American Men Are Almost Too Awesome At Making Jizz

While our manufacturing sector's kind of in the toilet, mining is giving people cancer and causing earthquakes, and our tech industry is running out of ideas for one-button devices to sell to yuppies, at least one sector of the American economy is running full steam — or rather, full balls — ahead: the sperm harvesting and exporting business. And that's leading to some unprecedented and unexpected spooj-related complications.

Time's Jay Newton-Small examines the waxing tide of ejaculation complications in a piece in this week's issue called Frozen Assets (behind paywall; available with subscription). Even though we lag behind other countries in such categories as education, health care, and gender equality, we're still leading the way in sperm exports. And the industry is growing more swollen and turgid as international excitement for our product increases.

According to Newton-Small, several factors have led to America's sperm preeminence: our refusal to ban anonymous donations, our diverse population, and our clinics' willingness to sell vials of babyjuice to single women and gay couples. Plus, America contains some totally hot, spermy dudes.

Clinics have gotten advanced in their ability to match couples (or single women) with the donor of their dreams. Facial recognition technology, for example, allows infertile couples to find a donor who resembles a woman's husband or any old hot celebrity of her dreams. And infertile foreign couples in parts of the world where sperm donation is frowned upon can find a donor with sperm that will produce a child that looks like he came from the father without anyone being the wiser.

Each of these gifts, it turns out, will one day be a curse unless our sperm-slinging is reigned in with closer regulation. Since America allows men to donate anonymously and retain their anonymity, sperm recipients in close proximity to each other run the risk of raising children who meet and fall in love with other donor children who turn out to be their half siblings. Further, since stateside clinics don't share information, a man could visit multiple locations in order to maximize the earning potential of his testes, even if the US instituted a ban on excessive donations. In some cases, men have found out after donating that they have dozens of children spread far and wide. Breaking that news to someone with whom you'd like to have your own kids is a difficult task.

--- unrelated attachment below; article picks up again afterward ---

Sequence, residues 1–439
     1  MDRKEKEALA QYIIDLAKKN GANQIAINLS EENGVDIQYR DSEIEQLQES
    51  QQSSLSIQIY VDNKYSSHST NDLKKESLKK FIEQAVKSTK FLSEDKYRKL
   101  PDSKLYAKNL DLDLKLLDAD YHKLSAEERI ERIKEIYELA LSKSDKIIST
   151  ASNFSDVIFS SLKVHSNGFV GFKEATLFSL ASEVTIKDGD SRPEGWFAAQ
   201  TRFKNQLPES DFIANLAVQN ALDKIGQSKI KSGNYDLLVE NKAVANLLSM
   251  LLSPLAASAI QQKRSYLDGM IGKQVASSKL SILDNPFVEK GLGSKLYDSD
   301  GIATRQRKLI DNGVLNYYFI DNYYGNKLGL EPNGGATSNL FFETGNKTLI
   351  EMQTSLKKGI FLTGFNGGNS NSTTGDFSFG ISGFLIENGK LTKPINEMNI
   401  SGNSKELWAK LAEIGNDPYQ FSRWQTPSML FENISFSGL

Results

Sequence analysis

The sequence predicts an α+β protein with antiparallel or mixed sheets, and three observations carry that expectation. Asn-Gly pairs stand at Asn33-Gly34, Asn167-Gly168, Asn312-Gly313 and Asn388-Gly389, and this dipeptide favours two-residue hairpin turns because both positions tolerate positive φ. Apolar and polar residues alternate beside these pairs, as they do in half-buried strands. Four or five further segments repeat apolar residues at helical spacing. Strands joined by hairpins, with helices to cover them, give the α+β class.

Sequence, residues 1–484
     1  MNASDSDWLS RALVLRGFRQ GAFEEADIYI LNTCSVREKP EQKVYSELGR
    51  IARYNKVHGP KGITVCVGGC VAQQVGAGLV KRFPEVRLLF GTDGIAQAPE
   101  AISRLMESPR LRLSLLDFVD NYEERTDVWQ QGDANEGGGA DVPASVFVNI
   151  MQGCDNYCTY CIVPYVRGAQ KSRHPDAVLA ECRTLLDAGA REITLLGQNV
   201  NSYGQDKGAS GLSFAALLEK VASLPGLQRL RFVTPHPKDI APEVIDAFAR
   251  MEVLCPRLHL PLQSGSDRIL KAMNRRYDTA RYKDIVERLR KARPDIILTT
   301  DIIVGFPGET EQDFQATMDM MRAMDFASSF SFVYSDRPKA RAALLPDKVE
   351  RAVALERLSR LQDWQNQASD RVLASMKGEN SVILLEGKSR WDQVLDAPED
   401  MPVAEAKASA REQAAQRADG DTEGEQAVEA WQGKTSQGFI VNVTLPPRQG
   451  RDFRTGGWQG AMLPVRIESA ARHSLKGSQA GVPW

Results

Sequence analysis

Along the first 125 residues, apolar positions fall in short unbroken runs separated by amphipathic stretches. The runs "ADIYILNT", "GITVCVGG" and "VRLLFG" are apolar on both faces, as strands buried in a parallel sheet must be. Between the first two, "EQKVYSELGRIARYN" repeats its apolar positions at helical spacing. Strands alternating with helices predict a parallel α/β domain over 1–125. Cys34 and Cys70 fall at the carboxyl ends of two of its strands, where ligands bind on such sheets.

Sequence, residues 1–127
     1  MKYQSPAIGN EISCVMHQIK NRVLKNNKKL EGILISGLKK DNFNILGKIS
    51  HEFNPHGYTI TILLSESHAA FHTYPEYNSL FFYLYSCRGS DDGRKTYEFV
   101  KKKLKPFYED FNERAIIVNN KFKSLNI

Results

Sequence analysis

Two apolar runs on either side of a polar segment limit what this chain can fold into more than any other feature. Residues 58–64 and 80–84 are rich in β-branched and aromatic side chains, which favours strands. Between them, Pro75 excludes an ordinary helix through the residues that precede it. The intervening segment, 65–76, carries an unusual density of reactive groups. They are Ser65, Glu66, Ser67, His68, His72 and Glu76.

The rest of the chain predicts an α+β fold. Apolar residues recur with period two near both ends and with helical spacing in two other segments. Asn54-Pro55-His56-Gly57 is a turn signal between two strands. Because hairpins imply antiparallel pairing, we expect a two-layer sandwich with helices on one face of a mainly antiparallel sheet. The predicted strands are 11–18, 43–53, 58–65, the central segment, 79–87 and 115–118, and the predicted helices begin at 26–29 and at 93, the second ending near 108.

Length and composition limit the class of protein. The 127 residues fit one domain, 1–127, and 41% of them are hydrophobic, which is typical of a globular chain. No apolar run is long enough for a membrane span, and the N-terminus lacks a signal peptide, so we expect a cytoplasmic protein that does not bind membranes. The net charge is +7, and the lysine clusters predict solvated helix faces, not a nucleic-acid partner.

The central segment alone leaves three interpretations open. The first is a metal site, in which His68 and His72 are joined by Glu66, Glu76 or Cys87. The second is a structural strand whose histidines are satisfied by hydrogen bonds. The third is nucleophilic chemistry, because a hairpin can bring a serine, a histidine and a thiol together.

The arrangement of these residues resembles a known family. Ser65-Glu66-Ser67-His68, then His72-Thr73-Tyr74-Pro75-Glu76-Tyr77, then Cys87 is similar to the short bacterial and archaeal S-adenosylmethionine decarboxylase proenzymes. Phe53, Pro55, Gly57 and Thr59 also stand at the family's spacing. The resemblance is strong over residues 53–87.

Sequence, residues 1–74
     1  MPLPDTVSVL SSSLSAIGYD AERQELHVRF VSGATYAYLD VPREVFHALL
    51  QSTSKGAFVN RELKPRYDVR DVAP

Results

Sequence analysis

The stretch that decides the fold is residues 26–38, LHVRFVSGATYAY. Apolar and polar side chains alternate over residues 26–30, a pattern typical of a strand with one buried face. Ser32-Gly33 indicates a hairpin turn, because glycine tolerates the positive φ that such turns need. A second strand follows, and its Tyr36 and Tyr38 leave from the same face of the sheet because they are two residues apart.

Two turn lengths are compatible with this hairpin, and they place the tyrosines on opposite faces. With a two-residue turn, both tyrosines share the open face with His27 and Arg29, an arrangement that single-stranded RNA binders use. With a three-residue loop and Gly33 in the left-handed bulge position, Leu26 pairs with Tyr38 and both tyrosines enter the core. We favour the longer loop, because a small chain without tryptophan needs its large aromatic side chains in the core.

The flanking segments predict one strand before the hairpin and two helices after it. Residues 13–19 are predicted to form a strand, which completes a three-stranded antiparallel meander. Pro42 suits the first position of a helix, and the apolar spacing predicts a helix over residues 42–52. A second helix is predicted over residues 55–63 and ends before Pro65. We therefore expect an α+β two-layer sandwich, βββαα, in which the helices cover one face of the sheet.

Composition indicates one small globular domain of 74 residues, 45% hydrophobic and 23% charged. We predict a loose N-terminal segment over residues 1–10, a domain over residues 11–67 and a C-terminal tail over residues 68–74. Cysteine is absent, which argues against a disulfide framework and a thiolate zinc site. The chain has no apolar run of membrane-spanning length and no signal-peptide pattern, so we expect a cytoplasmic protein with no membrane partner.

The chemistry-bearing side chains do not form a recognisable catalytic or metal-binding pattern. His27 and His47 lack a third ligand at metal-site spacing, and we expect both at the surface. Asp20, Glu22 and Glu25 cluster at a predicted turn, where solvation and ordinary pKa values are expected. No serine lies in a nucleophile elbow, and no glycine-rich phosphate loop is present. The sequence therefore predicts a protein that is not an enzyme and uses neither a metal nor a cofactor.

But not just anyone can donate. Newton-Small writes,

Dads are profiled according to height, appearance and education level. A man with a Ph.D. can make as much as $500 per ejaculation. Lower-end donors, who still need at least a college degree and a minimum height of 5 ft. 9 in., can earn about $60 a pop. Depending on how dense his sperm is and the mobility of his swimmers-critical to surviving the freezing process-a donor can make up to $60,000 over two years, the maximum amount of time most clinics use a donor.

Sixty grand is a pretty penny for a guy who may just be paying his way through law school without considering the fact that he may someday want to raise his own kids.

Further, while sperm donations are screened for STD's, they're not fully screened for every possible birth defect. Dissatisfied couples have sued banks when their offspring has turned out to have a genetic abnormality or health condition. And while sperm banks may promise their donors anonymity, the court doesn't need to respect that anonymity if a child of donated sperm finds him or herself orphaned and in need of financial support. Banks would like to draw a distinction between being a father and being a dad, but the legal system doesn't recognize that distinction.

The next time you see a cargo plane flying out of an international airport on American soil, think to yourself: that thing could be packed full of sperm. Like a giant airborne testicle.

Frozen Assets (subscription) [Time]

Image via O2creationz/Shutterstock